No more worrying all day if you left the iron on, just push a button on your phone and know for sure it’s turned off.

Of course, with all this comes security risks. The idea of having your toaster hacked is a bit mind-boggling but any technology connected to the internet is open to exploitation. The webcam that allows you to monitor your pets may also allow other people to glimpse inside your home – but only if it’s not secured properly. Unfortunately, it only takes one small gap for a cyber-attack to get through, and once in all connected devices may be at risk.

Having your lights taken over by a far-away prankster may seem like a small risk, but gaps may allow them into your computers, phones, tablets and other devices too. This is the part the news reports and movies skip over – the networking protections that exist in the background, shielding against attacks.

Taking the time to properly secure your IoT device is essential to making sure you get the whole, happy future-tech experience. We’re big fans of the potential of IoT and can’t wait to see what comes next!

Do you have an IoT device that needs securing or would like to learn more? Give us a call on 08 8326 4364 to help.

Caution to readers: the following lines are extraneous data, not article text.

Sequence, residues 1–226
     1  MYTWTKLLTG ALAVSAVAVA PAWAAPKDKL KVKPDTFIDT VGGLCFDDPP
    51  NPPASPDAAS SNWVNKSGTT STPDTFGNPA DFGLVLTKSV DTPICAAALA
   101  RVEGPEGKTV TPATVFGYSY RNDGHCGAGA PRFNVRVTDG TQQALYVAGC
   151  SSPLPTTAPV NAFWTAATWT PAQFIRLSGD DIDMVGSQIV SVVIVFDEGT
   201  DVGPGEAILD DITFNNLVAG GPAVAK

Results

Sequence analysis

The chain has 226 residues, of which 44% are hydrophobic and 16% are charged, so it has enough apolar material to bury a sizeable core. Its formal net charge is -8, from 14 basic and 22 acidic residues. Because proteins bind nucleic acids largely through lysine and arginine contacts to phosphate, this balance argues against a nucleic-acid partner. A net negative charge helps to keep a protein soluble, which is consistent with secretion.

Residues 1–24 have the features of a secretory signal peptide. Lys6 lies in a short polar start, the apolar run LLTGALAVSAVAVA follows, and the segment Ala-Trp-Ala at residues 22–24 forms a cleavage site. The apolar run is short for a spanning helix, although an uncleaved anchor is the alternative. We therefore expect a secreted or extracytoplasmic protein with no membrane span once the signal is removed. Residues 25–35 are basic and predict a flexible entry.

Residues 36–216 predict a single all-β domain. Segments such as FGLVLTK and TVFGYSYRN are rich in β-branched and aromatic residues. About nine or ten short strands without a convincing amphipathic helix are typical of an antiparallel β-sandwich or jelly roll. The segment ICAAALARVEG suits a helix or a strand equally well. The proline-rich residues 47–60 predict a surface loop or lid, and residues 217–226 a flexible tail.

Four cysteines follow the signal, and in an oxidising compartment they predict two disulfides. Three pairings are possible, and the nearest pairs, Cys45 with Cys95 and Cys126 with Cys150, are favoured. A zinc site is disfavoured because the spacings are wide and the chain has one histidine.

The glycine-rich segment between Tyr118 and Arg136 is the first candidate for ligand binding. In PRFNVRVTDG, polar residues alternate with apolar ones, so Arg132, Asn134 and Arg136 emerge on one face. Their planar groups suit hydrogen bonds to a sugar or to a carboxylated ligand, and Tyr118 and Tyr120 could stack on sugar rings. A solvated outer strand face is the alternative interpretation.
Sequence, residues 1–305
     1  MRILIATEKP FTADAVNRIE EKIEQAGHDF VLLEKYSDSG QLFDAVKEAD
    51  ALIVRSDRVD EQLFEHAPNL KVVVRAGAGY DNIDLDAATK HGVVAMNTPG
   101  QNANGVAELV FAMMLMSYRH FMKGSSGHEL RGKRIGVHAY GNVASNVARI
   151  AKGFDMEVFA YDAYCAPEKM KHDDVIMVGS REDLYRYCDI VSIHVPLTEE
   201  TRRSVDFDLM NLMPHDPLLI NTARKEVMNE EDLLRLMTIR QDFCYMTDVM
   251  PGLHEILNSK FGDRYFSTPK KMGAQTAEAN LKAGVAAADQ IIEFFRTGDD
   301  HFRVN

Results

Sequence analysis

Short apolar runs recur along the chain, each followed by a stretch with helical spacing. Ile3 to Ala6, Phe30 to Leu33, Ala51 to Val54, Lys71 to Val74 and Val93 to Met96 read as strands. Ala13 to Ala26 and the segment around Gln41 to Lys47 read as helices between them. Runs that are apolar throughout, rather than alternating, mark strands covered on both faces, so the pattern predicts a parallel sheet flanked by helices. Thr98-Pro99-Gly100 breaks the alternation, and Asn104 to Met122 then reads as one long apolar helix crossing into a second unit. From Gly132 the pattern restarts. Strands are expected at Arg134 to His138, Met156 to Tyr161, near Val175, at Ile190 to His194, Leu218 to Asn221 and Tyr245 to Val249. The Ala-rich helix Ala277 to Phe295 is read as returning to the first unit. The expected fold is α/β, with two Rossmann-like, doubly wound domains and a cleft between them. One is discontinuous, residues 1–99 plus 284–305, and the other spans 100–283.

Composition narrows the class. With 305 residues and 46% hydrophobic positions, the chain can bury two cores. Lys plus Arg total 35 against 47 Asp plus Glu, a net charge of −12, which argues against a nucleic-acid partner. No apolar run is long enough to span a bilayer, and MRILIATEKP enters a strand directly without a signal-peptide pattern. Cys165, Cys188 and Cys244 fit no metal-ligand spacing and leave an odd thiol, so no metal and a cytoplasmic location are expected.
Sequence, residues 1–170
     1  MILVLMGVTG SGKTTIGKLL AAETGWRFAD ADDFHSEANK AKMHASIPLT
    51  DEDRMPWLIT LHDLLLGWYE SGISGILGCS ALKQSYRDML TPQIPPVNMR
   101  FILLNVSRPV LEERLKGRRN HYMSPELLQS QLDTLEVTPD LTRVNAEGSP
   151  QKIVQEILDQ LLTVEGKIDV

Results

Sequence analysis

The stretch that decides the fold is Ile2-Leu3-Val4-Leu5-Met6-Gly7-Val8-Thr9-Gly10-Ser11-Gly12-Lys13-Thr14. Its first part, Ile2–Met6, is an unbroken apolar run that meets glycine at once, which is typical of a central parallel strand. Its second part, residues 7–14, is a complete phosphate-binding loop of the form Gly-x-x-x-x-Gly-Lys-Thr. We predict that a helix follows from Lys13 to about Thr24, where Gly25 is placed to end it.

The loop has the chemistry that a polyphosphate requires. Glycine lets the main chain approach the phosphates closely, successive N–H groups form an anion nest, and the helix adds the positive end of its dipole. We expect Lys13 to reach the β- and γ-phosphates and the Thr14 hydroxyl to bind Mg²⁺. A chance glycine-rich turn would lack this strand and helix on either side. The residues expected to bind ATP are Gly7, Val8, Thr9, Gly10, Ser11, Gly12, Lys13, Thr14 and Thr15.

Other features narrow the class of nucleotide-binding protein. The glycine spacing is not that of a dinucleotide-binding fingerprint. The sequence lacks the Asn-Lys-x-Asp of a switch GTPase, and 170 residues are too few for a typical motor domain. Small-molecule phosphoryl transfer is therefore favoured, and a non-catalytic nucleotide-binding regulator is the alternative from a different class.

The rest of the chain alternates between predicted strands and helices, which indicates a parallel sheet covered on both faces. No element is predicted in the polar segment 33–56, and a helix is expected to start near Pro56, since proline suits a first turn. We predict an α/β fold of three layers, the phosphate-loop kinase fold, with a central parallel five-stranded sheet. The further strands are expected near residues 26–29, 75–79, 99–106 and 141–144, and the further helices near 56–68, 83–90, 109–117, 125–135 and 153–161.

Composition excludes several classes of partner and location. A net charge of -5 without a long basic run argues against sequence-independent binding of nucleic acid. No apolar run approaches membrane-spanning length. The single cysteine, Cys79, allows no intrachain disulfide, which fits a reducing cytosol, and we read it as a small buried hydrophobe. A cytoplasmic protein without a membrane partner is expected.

Windows Vista End-of-Life: What This Means For You

Windows Vista End of LifeJust like what happened with Windows XP the life of Windows Vista is coming to an end. On 11th April 2017, Microsoft will cease all support and security patching. Naturally if you are a current Vista user this wouldn’t be good news and you are not exactly leaping for joy at this news!

Vista won’t stop working on this date but there will be a higher chance of security issues. While you’re watching the count-down and thinking about scheduling an upgrade cyber-criminals and hackers are making plans of their own.

As soon as vulnerabilities surface Vista users will be wide open for attack.Thus even the most stalwart Vista user should upgrade, as continued use will expose your computer to risks. These risks include:

Security risks: Gaps exploited during the Vista lifetime have already been patched but there are many more just waiting to be discovered. Hackers are extremely fast to exploit newly-discovered vulnerabilities and without Microsoft working just as fast to close them, the risk increases exponentially every time you turn on the computer. Antivirus software may not even help you here.